B cells are known to invade the brains and spinal cords of people with MS, and they often form clusters with T cells adjacent to demyelinating lesions. Our initial assumption, based on what is known about the T cells that infiltrate the CNS in autoimmunity, was that many or even most of these B cells would be the ones that themselves target CNS autoantigen. We were surprised to find the opposite and that, if anything, activated autoimmune B cells are excluded from the inflamed CNS.

The usual caveat that this is a study in an animal disease model and not in human MS should be noted when interpreting findings from this paper. However, similar models of disease have previously revealed fundamental properties of the CNS/immune system relationship, and there is no reason to think that this is not the case here. Further, while some findings from human MS tissues have been interpreted to suggest B cells in the CNS are activated and target autoantigens, after closer reading of studies we are not convinced that this is the case. As with any study such as this, time will tell which is correct, but we will continue to address this issue in future studies.

Funding: This work in this paper was funded from an operating grant from the Canadian Institutes of Health Research (CIHR). Yodit’s stipend is funded from an Ontario Graduate Scholarship and Rajiv’s stipend is funded from a studentship from the MS Society of Canada. Please check out our funding page for more information.

A note about access: The conditions of our funding stipulate that publications must be freely accessible within a year of publication, and in accordance with this it will be possible to access the full and final version of this paper through the journal website within a year. Allowing early open access would have cost our research budget thousands of dollars over the ~$3000 CAD it already cost to publish this paper (lots of colour charges for pretty figures). If you want to read our paper but can’t get access, please contact us and we will do our best to get it to you.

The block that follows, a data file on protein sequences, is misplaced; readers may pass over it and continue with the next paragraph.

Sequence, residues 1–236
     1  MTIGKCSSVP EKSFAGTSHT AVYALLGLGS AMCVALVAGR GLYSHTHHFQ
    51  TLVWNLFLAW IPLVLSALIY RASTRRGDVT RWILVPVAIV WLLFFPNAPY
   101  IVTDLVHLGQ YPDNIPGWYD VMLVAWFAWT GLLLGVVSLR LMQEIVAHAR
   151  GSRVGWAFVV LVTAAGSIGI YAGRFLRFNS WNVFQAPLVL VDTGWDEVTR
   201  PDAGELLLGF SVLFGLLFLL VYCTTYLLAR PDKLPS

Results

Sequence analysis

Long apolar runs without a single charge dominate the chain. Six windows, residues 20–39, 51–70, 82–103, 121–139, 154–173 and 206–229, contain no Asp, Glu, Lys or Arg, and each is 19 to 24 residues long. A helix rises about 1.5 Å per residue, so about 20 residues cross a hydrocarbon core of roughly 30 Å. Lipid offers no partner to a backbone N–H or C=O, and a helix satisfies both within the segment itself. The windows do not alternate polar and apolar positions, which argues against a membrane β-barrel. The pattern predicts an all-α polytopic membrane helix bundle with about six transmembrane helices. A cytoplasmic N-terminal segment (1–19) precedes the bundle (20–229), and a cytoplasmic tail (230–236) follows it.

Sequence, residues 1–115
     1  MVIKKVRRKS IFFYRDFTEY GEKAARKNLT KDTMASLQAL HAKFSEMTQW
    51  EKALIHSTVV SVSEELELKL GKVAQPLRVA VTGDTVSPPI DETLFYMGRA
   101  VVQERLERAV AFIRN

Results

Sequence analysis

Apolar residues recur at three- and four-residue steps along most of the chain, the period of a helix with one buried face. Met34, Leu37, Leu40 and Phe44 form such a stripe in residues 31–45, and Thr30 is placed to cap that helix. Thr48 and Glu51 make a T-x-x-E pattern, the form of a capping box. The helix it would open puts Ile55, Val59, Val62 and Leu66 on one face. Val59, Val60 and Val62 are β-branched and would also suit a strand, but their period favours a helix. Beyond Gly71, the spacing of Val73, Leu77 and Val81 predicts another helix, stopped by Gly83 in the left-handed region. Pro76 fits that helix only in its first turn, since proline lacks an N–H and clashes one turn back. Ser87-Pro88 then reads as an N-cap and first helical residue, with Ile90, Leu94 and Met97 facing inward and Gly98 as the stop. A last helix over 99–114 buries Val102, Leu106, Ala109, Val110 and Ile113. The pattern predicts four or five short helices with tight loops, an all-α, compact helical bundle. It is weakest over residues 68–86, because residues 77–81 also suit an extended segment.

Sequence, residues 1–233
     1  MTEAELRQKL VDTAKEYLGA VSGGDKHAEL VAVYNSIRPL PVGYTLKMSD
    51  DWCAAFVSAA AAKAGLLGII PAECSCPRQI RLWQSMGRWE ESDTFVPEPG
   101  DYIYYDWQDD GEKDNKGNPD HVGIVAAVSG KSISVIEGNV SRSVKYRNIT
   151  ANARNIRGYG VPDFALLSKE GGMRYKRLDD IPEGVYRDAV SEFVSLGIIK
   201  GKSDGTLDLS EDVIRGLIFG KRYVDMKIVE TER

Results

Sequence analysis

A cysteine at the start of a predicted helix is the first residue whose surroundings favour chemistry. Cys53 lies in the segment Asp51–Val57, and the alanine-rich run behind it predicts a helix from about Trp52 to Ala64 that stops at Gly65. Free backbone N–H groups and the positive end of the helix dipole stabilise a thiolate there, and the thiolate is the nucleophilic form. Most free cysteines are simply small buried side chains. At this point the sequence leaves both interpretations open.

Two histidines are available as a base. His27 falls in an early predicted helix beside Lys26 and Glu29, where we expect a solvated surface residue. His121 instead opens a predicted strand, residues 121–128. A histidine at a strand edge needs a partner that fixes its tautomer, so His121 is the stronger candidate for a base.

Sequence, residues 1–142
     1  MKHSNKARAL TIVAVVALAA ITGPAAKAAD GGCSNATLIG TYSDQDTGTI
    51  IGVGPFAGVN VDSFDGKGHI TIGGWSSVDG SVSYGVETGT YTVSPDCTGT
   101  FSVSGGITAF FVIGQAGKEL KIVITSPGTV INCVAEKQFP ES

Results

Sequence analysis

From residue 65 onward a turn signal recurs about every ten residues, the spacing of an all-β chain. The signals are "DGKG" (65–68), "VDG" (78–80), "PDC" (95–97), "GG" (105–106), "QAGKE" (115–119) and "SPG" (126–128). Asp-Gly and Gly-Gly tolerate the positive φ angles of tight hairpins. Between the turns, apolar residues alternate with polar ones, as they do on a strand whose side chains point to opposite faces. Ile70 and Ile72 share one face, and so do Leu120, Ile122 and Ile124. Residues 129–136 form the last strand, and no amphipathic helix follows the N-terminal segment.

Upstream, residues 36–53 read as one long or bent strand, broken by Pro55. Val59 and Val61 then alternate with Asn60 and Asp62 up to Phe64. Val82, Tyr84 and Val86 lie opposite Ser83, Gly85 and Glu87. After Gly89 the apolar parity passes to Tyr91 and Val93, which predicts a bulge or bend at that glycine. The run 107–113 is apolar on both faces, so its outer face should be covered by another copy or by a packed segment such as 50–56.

Kate takes a well-earned break from the lab and has a chance to talk about her work back home

After a challenging and rewarding 14 months of my new life in Canada, in April this year I headed back to Adelaide, Australia to visit my family and friends, and importantly seek out some sunshine and the ocean.

A beautiful autumn day down at the beach (Brighton, SA, Aus)

A beautiful autumn day down at the beach (Brighton, SA, Aus)

There were lots of lunches down the beach and dinners in the city so I could spend quality time with the people I have missed and see how Adelaide had changed in my absence. I also took the opportunity to catch up with my PhD supervisor and my previous lab members, and I was asked to be interviewed for a magazine put out by the student association at UniSA, to talk about my transition to Canada and my life as a scientist.

With a keen interest in science and an undergraduate degree from UniSA, Kate is now pursuing a post-doctoral degree in Canada. She speaks to us about her journey from Adelaide to Ontario and her work as a scientist.
— In[ter]view: Kate Parham

One of the highlights of my trip was going to see my favourite sports team Port Adelaide Power play Australian rules football, something I really miss while here but thanks to the internet I don’t have to miss out completely!